Modern technologies have suppressed trades that were once indispensable. Živojin says that candles are used when we are baptized, when we are getting married and when we die. Once upon a time, when Serb soldiers crossed the Thessaloniki Front, they carried a candle to remain themselves, to stay alive, to pray to God, to light it for saint day, to light it for an injured comrade.
Živojin used to make licider hearts livery hearts, dolls, cookies, necklaces, gingerbread. Necklaces were strung by wives and daughters with their skillful hands. It was an authentic family-owned manufactory. The family was also engaged in beekeeping and making honeycombs of wax.
Master Žika still welcomes and bids farewell to his customers with the words: ”Long live, happy saint day”. Many fellow citizens stop by this family shop to feel the antiquity and warmth, cultural heritage...
Živojin’s Uncle, brush-maker, Uncle Čeda is gone. The famous family brush shop in Vožda Karađorđa Street has been closed for more than two decades. His son and grandson continued the tradition of this craft with the help of modern technology. They turned the family home into a work space. The Stojković family has been making brushes since the 1920s. Uncle Čeda used to visit his artisan neighbors with coffee and silk candy every year for Saint Sava Day. He celebrated both Saint Sava and his birthday. And he did so every winter, for as long as his legs were still serving him. He would say: ”I also remember that small shaving brush I happily made and which ended up at the Royal Court.”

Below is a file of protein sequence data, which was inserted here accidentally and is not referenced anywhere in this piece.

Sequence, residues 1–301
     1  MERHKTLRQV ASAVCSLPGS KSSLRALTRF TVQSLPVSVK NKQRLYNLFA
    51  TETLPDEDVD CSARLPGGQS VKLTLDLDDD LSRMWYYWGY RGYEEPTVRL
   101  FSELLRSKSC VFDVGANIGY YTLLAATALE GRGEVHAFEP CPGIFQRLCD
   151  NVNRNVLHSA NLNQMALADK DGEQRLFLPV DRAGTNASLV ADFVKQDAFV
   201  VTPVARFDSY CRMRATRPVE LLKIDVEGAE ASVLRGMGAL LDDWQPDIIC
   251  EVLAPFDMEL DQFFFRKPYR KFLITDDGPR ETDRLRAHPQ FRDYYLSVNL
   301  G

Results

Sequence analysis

In the last few years, three days in September, in the main street not far from Vožda Karađorđa Street, about one hundred artisans from Serbia gather during the Ethno Fest. Through this array of guest artisans, pass the shadows of the Paraćin masters who are somewhere on the other side of the riverbank...


In front of ”Zaječar” Tavern was the initial station for carts.
They provided transportations in all directions: towards the Railway Station, Ćuprija, Ćićevac and the surrounding villages.


Masters Are Remembered
Among the candle-makers there were also such masters who left a really deep mark in their trade.
– Vujić from Čubura, Šterić from Vračar, Spasojević from Đeram Market, Sveta Manić from Kruševac, Aca Vasić from Niš – Ristić remembers them. – They worked from morning till late evening. The candle-makers cooperated without vain.


On the Wing of the Abbot
Abbot Danilo from St. Nicholas Monastery, from the village of Svojnovo, often stayed at candle-maker Aleksandra Ristić’s place. He did that when he would go to Hilandar. Candle-maker’s apprentices and children learned their first prayers from abbot Danilo. Aleksandar’s daughter Snežana Ristić continues the tradition of this craft on the route Belgrade-Paraćin, thus preserving her family heritage.